The Commission noted that the Case sheet lacked the necessary details such as identification column, the details of the patient's condition (blockage of the valves and the percentage of the blockage). The case sheet had been written in the form of a story and it hadn't contained visiting time or the details of the treatment given. The Opposite Party accepted all these flaws in the case sheet. The Commission also found contradictions in the statements of the Opposite Party, as the Discharge Summary stated that "referred to higher centre for Coronary Angiogram", but the Opposite Party, during his cross-examination, had stated that "there is no need of angiogram facility to this injection."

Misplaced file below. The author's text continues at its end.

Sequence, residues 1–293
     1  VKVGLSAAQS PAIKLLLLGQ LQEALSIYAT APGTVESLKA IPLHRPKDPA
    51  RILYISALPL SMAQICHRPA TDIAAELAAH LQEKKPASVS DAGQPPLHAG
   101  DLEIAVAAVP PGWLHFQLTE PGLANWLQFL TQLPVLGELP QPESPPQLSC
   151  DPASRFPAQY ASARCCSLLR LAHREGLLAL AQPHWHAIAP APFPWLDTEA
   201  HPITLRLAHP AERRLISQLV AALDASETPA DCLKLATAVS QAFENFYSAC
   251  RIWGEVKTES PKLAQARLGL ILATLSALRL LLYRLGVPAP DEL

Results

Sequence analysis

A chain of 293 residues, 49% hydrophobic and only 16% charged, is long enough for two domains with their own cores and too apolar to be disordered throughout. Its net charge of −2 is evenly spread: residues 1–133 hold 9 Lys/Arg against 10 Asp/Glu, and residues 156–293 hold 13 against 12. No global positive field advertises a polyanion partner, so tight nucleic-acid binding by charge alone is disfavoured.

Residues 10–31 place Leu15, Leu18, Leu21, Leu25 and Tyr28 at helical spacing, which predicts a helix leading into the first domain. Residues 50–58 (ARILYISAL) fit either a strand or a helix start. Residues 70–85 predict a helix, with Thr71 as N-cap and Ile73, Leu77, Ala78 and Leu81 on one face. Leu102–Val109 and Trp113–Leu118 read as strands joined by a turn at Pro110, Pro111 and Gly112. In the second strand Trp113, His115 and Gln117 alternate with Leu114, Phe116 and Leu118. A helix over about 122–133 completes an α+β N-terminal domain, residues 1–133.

Further, after verifying the documents, the Commission referred to the previous judgment by the Supreme Court reported in IV (2004) CPJ 40 (SC). It mentions, "the doctrine of res ipsa loquitur apply the onus lay on the hospital authority to prove that there had been no negligence on its part or on the part of anyone for whose acts or omissions it was liable and that onus has not been discharged. Once an allegation is made by the patient was admitted in a particular hospital and the evidence is produced to satisfy that he died because of lack of proper care and negligence, then the burden lies on the hospital to justify that there was no negligence on the part of the treating doctor or hospital. Therefore, the hospital which is in better position to disclose what care was taken or what medicine was administered to the patient. It is the duty of the hospital to satisfy that there was no lack of care or diligence. The hospitals are institutions, people expect better and efficient service."